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The South Dakota Senate voted 26-7 to approve a statewide texting ban on Friday. (File photo)

Texting ban passes SD Senate

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News Mitchell,South Dakota 57301 http://www.mitchellrepublic.com/sites/default/files/styles/square_300/public/field/image/0319.N.DR_.TEXTINGBAN.jpg?itok=tzTpDHui
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Texting ban passes SD Senate
Mitchell South Dakota 120 South Lawler 57301

PIERRE -- State senators agreed Friday that South Dakota should ban texting while driving a motor vehicle.

Both sides of the Legislature now have approved their versions of texting bans. Work remains, however, because the two don't match.

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Senators voted 26-7 for its version from Sen. Mike Vehle, R-Mitchell. Vehle softened his legislation to generally correspond to the House version from Rep. Brian Gosch, R-Rapid City.

Both versions would make texting while driving a secondary offense. That means a law enforcement officer couldn't stop a motorist solely for texting and would need another reason.

Vehle originally wanted it to be a primary offense so that motorists could be pulled over for texting.

"But you've got to start somewhere," Vehle said.

The House approved Gosch's bill Feb. 12 on a 53-17 vote. It would make the Legislature "the exclusive regulator" of distracted driving and use of electronic wireless devices in motor vehicles.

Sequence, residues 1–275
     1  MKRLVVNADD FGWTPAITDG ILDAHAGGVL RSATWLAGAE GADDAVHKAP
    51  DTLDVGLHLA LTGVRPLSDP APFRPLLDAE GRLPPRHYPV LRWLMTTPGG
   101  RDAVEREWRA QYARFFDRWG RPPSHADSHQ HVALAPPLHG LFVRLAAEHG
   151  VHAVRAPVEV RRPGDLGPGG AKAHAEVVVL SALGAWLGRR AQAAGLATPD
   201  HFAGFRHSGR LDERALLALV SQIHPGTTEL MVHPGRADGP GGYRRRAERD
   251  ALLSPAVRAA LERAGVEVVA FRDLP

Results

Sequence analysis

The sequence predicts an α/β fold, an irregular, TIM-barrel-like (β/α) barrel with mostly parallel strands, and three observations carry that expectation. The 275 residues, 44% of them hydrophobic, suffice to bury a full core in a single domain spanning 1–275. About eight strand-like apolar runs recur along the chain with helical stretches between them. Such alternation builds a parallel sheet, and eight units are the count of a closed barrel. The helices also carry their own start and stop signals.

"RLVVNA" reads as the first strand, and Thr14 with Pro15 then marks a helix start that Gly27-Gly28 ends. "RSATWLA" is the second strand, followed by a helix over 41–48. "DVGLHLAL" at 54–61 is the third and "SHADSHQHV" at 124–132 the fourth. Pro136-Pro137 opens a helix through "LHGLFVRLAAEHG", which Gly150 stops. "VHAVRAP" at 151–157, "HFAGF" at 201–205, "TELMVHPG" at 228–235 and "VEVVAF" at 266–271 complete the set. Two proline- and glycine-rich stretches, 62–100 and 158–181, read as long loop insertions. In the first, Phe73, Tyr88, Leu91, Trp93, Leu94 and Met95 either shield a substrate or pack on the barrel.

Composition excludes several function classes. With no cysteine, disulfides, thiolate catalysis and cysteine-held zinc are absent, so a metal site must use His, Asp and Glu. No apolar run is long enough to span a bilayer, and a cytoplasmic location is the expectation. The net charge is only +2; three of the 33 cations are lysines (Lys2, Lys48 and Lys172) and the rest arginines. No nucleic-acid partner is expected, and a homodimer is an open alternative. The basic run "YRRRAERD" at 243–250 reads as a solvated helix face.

Vehle's version is silent on that point. That led Sen. Tom Jones, D-Viborg, to ask Vehle what happens to the local bans passed in eight communities, including Mitchell.

"That is going to be up to the court to make that decision," Vehle replied.

Both versions make a violation a petty offense. Normally a petty offense carries a $25 fine. Vehle's version calls for a $100 fine.

Jones and Sen. David Omdahl, R-Sioux Falls, said they agree with prohibiting texting while driving but want bigger penalties. Both voted against Vehle's bill.

Omdahl praised Vehle for his persistence. "It is a serious issue," Omdahl said.

Last year, the Senate approved Vehle's bill that made texting a primary offense. The House rejected it.

Thirty-seven states have laws banning texting while driving as a primary offense, and four states make it a secondary offense, according to Vehle.

"So how do you make the culture shift? You pass a law. That's how you start it. We did it with seat belts. We did it with drinking and driving," Vehle said.

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